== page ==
With a proven and award-winning combination of expertise in roofing and a passion for Marin, Sonoma and San Francisco historic architecture, the Wedge Roofing historic roof restoration team takes great pride in preserving San Francisco Bay Area’s treasured landmark buildings. More than just a job, these landmark building projects stir us with pride for California and its storied traditions, along with a sincere appreciation for those home and building owners of the past who passed these structures safely down to us today.
In planning phases, the historical background of these buildings is as imperative to study and understand as the building materials themselves. Knowing about the building, its owners, its story, will be important to applying the perfect historical restoration. A recent project of note was for the Rosenberg Building in Santa Rosa. Still a prominent name in California, “Rosenberg” is well-known in Santa Rosa architecture, and also connects to the past through California pioneer history, and finally to the future with a cure for Alzheimer’s disease.
In 1896, Max Rosenberg, a Jewish immigrant from Poland joined his family who had settled in Sonoma County after being the first overland pioneers to follow the Donner party over the Sierra Mountains in the 1840’s. Thirty-three year old Max, who started his career as a door-to-door salesman, rose to be one of the leading merchants in Santa Rosa, a real estate developer and a prominent leader of the first Jewish Temple of Santa Rosa.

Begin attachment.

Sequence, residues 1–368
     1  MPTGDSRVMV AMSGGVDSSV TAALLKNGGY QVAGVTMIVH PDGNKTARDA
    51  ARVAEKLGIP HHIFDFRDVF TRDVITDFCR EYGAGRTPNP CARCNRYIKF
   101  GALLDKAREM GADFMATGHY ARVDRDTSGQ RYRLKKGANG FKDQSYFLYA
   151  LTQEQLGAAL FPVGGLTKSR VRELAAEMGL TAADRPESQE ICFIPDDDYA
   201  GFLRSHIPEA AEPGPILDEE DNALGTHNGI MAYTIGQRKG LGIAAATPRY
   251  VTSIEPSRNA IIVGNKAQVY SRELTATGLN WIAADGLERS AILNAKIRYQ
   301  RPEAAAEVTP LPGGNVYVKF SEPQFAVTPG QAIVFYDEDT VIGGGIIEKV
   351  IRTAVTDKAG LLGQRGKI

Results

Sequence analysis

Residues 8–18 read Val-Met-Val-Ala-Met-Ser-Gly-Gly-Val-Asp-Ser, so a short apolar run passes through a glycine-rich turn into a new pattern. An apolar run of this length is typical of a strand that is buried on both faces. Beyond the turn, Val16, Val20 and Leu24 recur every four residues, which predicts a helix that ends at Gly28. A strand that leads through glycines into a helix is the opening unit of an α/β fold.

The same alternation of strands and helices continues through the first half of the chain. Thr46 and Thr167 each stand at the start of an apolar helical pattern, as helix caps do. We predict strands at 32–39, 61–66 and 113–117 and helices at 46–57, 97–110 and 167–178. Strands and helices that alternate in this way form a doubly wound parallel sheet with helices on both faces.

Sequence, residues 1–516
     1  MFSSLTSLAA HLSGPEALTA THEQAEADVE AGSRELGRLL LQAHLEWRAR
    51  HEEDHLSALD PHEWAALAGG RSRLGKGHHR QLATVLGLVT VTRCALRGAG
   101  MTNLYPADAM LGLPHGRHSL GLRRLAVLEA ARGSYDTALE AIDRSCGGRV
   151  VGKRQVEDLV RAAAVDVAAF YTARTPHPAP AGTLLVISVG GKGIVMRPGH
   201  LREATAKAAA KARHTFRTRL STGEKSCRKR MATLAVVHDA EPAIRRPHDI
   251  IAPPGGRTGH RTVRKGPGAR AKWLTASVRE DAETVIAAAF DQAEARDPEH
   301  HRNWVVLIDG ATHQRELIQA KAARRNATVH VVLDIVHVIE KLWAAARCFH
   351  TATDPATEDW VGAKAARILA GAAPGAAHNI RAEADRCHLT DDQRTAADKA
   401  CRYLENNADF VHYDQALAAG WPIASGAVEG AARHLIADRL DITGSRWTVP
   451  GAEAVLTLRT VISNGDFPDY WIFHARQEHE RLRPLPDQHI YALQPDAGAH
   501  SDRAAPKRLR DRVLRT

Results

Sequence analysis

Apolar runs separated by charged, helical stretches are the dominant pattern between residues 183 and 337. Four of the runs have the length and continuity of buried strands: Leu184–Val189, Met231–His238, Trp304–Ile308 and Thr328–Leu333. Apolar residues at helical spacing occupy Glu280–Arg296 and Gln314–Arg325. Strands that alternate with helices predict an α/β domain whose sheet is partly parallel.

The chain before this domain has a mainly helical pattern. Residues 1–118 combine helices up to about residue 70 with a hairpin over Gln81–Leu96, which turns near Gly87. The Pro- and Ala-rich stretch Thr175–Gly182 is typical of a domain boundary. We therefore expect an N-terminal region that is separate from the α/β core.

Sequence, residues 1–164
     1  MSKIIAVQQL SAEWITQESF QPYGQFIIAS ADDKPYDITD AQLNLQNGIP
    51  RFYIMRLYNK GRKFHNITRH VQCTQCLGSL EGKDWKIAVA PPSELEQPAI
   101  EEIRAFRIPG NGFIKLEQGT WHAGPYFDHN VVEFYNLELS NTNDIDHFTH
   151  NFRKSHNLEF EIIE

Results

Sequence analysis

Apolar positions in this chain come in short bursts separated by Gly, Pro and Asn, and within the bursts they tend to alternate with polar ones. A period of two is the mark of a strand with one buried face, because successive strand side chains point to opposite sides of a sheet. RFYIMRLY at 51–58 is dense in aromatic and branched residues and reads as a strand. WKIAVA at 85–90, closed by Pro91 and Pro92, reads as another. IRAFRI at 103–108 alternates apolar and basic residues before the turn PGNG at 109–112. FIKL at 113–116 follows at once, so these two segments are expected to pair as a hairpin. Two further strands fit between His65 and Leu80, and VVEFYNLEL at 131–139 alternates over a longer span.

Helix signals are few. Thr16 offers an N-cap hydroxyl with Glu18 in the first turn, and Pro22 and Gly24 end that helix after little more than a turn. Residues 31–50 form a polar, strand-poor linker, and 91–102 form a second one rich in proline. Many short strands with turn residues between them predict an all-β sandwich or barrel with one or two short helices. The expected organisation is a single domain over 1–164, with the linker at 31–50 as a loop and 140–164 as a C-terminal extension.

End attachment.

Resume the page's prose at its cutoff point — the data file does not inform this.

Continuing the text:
Built in 1921, the six-story Rosenberg building at the corner of Fourth Street and Mendocino Avenue in Santa Rosa’s Courthouse Square was designed by San Francisco architect Sylvain Schanittacher. The elegant Renaissance Revival style structure features stone masonry with symmetrical facades in a clear definition of floors and a flat roof covered by an elaborately detailed overhanging cornice. Nearby is another prominent Max Rosenberg building built in 1937. The Rosenberg Department Store is a national landmark building highlighting the art deco period of architectural design.
Today, a Rosenberg descendent is dedicated to finding a cure in the near future for Alzheimer’s disease. In 2011, Douglas Rosenberg, a venture philanthropist founded the Rosenberg Alzheimer Project. With an initial donation of 3.5 million dollars from the Ellen and Douglas Rosenberg Foundation, the Rosenberg Alzheimer Project is funding research to cure the degenerative brain disease that affects 5.3 million Americans.